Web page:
One of many lessons from the COVID-19 crisis has been the importance of taking quick action. For example: Within the first few weeks of quarantine, the Brushwood Center, based in Riverwoods, Illinois, delivered more than 500 masks to local hospitals, cleverly using fabric and elastic the center normally has on hand for art supplies for teachers and students. The center put together kits so volunteers could pick them up contact-free, make up to 20 masks per kit and drop them off back at the center, whose staff would then deliver them to hospitals.
This was just one proactive measure initiated by the organization with help from a $5,000 Quality of Life grant from the MDRT Foundation, sponsored by 20-year MDRT member Russell L. Game, ChFC, of Iron Mountain, Michigan.
As I’m walking through the woods, I come to being right there in that now moment.
In addition, Brushwood quickly developed a monthly newsletter for seniors, made available to nursing homes in the Chicagoland area and beyond. The mailing includes a combination of important updates about the coronavirus pandemic as well as lighter material, such as crosswords, pictures to color or paint, and photographs of birds.
“It was impressive that they could make all this available so quickly,” Game said.
Game’s connection to Brushwood may be familial — he learned of the center in 2016 when his daughter, Catherine, became its executive director — but his passion for it is personal in a different way. “Their mission is perfectly in sync with what I feel is important,” Game said of the organization, which is located 40 minutes from Chicago and promotes personal health, community well-being, creativity and the many benefits of being in nature.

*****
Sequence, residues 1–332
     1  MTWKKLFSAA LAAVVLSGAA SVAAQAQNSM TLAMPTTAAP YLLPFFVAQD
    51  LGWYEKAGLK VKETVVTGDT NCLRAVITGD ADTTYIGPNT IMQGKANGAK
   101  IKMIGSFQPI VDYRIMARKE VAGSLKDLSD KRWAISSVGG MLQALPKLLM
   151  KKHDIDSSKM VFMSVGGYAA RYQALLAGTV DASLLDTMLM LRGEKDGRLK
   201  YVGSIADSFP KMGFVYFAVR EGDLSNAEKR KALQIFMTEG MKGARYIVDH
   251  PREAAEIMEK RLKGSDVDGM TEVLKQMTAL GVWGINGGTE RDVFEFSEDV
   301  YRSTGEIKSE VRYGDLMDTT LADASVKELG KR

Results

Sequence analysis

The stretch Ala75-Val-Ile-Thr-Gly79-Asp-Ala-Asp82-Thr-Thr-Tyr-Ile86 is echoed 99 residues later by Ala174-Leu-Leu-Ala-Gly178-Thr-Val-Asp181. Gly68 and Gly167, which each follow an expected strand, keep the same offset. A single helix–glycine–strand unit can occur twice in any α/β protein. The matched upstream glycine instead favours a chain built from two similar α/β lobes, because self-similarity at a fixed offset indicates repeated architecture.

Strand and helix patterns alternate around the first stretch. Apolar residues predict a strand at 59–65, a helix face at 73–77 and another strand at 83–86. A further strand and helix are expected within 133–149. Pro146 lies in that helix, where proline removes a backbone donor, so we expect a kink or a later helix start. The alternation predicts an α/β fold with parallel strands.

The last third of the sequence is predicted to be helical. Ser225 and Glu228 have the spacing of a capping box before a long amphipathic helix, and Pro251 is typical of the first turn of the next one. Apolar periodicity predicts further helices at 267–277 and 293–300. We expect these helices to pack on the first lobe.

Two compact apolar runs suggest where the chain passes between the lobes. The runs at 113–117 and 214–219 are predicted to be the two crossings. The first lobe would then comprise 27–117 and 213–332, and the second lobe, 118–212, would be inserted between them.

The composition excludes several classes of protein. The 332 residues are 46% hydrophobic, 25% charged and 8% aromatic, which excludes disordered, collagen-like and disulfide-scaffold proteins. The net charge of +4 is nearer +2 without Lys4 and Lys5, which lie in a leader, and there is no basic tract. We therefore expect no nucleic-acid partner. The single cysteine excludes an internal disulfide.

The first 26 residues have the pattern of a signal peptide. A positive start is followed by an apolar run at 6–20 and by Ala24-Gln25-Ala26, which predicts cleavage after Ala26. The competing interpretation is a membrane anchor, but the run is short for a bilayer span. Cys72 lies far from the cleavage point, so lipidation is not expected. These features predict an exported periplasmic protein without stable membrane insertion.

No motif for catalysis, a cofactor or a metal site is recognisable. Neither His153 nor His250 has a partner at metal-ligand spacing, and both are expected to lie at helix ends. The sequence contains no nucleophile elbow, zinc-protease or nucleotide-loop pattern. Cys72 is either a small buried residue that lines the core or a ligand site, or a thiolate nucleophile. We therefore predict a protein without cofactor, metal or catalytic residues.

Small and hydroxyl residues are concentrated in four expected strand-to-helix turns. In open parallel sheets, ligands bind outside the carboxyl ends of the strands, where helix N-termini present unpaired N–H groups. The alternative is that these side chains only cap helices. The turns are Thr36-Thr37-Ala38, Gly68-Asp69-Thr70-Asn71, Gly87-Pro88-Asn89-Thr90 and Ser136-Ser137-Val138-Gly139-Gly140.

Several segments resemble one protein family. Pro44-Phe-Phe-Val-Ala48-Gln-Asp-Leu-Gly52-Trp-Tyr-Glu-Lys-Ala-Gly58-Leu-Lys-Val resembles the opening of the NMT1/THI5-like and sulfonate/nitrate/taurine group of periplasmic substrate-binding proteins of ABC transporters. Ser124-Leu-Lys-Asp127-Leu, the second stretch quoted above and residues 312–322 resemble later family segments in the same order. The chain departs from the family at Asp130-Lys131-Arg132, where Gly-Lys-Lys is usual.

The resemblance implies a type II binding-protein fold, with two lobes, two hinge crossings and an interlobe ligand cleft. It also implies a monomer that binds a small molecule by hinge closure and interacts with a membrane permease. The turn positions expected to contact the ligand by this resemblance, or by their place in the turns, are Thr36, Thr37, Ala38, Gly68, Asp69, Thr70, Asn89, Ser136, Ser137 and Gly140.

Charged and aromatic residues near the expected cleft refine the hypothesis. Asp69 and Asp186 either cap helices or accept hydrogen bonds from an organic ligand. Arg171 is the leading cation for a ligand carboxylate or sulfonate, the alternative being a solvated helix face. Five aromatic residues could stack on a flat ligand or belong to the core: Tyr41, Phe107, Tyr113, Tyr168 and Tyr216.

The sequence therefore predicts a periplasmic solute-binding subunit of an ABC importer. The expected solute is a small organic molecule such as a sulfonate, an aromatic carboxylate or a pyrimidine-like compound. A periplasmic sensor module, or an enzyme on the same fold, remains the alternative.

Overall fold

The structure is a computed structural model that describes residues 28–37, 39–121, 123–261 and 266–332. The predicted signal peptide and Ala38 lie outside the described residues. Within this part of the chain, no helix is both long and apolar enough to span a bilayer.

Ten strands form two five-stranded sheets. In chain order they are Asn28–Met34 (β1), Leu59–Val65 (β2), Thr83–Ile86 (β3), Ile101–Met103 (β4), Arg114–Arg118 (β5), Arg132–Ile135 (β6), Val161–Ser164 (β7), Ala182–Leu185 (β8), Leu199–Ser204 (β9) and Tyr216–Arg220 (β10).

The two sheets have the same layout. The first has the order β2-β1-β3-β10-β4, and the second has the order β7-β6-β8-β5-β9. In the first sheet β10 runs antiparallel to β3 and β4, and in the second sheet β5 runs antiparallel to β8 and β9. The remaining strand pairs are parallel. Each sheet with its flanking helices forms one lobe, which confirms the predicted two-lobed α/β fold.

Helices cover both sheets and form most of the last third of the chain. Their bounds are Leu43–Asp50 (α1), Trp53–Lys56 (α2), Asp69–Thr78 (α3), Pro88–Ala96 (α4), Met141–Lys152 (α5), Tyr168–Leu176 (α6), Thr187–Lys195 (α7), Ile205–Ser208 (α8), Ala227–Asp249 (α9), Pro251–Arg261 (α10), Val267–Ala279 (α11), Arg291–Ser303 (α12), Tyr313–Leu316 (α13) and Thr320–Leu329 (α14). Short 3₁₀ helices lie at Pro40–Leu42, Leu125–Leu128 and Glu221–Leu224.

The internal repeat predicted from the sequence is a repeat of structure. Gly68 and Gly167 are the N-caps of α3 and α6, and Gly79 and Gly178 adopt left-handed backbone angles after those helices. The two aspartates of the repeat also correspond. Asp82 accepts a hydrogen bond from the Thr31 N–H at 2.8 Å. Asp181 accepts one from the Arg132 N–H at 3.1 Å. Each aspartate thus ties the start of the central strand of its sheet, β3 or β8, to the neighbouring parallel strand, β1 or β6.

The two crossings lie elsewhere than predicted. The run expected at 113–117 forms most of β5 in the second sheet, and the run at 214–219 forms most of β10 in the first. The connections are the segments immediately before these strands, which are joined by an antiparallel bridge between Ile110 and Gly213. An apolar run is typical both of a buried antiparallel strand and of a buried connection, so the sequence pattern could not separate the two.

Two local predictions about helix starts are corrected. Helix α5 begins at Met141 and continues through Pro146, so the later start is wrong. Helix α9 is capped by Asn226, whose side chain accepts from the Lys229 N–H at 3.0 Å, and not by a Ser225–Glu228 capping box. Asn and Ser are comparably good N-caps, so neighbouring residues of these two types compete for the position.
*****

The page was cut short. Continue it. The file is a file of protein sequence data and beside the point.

The Art and Wellness in Nature (It’s A W.I.N.) program, also supported by the MDRT Foundation grant, provides nature- and art-focused programs for more than 6,000 low-income youths, cancer patients, neuro-diverse audiences and military veterans each year. Particular focus is given to communities that previously have had limited access to nature.
Game volunteers for the organization 10 times per year to help set up and support events (like an art show for veterans and appearance by environmental activist and legendary actor Robert Redford). He has seen numerous groups of kids and veterans come to the center and enjoy the therapeutic benefits of spending time outside among trees, plants and animals. It dovetails perfectly with Game’s own belief in the MDRT Whole Person concept and the anxiety-fighting benefits of balanced living.
“If you just take a break and take a 10-minute walk and have some connection to nature, your stress level drops dramatically,” said Game, who gets out as often as possible in the forests near his home in the Upper Peninsula of Michigan. “It’s so invigorating, and as I’m walking through the woods, any problems that I have just evaporate, and I come to that center of just being right there in that now moment.”